Oak Harbor cyclist donates hair for children’s organization

It’s been a while since Brad Nelson, co-manager of Skagit Cycle Store in Oak Harbor, had a haircut, but that changed last Wednesday.

Nelson arrived on time for his appointment, with wife Cortni and a small entourage of friends in tow, at Allure Salon and Spa, He wasn’t just there for a long overdue haircut, vanity or pampering, but to donate his hair to charity.

It’s taken Nelson more than three years to grow his hair nearly 16 inches, but it only took a matter of seconds for stylist Christina Berry to snip it off, all with the purpose of donating it to Wigs for Kids, an organization that provides donated hair to children going through chemotherapy, radiation therapy or other medical reasons.

Berry said she wished more people would do this but said that many don’t because they are very attached to their hair.

“This is such a great thing to do,” she said.

Nelson’s wife Cortni Thrasher said she was there for support but didn’t want to actually watch Nelson get it cut.

“I want to be pleasantly surprised when it’s all done,” she said.

Nelson said he has never donated hair before but it seemed like a good idea and he didn’t want their soon-to-be-born child to know only him with long hair because he once had a bad experience as a young child when his dad shaved off his large beard.

“My dad came out with a towel hiding his face and when he took it off to surprise me, apparently I cried and freaked out because I didn’t seem to recognize him,” Nelson said.

He added he may donate again, but for now he will be enjoying his new look even though he may have to purchase a smaller bike helmet.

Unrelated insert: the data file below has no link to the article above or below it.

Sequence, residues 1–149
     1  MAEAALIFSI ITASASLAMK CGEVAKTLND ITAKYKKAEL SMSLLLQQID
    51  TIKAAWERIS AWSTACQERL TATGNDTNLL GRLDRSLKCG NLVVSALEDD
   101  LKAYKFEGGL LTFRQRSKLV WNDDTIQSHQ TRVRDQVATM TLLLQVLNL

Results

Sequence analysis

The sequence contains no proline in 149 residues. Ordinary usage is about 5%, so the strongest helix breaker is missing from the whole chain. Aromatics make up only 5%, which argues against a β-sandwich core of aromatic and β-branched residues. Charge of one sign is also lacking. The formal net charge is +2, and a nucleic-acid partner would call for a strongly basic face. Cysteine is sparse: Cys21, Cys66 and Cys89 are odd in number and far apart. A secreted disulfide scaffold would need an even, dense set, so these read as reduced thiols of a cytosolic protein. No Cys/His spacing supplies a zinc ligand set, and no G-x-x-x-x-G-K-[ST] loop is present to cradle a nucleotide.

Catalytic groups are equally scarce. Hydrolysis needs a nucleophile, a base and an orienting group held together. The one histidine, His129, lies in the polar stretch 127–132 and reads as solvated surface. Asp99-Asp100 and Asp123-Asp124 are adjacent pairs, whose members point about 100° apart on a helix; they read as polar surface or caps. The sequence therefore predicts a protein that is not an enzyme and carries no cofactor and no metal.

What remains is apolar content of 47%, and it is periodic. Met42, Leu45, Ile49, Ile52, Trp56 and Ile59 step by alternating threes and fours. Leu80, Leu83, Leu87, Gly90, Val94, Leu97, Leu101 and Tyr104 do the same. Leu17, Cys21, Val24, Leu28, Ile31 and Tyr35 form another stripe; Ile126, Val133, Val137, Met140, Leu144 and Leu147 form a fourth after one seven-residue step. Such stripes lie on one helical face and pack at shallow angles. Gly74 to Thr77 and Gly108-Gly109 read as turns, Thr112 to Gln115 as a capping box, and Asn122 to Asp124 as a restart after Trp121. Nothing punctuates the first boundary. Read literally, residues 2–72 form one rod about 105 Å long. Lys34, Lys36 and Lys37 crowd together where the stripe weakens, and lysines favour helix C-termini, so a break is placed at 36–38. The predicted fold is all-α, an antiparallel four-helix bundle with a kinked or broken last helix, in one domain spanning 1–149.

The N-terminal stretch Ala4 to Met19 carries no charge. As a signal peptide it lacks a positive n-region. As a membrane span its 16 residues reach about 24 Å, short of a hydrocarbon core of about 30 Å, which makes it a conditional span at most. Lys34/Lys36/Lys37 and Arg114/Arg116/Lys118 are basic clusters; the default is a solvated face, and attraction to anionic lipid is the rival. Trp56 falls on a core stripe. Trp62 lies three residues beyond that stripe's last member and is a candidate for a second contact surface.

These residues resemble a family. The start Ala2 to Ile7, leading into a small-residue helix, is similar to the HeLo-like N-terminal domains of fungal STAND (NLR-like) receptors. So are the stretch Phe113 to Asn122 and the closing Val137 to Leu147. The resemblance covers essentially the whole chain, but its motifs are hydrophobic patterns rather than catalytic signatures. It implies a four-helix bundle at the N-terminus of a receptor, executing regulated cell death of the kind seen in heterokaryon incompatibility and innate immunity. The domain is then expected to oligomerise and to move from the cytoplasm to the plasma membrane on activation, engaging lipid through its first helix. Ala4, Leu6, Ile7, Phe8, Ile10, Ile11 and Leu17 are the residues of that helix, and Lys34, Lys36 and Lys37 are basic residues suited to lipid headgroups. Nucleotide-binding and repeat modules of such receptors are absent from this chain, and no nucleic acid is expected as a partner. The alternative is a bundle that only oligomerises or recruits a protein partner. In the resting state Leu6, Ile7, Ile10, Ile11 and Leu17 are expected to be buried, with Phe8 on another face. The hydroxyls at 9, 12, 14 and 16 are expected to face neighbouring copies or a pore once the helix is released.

“Being able to donate my hair to Wigs for Kids is especially cool because it is for the children,” Nelson said.

According to the Wigs for Kids website, typical hair replacements cost around $1,800. Wigs for Kids relies solely on donations and never charges families for children who have lost their hair due to a medical reason.

The organization’s website says the effects of hair loss go deeper than just a change in a child’s outward appearance, but can erode a child’s self-confidence and limit them from experiencing life the way children should.

If a child has an injured self-image, their attitude toward treatment and their physical response to it can be negatively affected also. Wigs for Kids helps children suffering from hair loss look at themselves again and live their lives.

More than two million children are affected by hair loss according to the Connecticut Children’s Medical Center.

n For more information on making a hair or financial donation, go to www.wigsforkids.org

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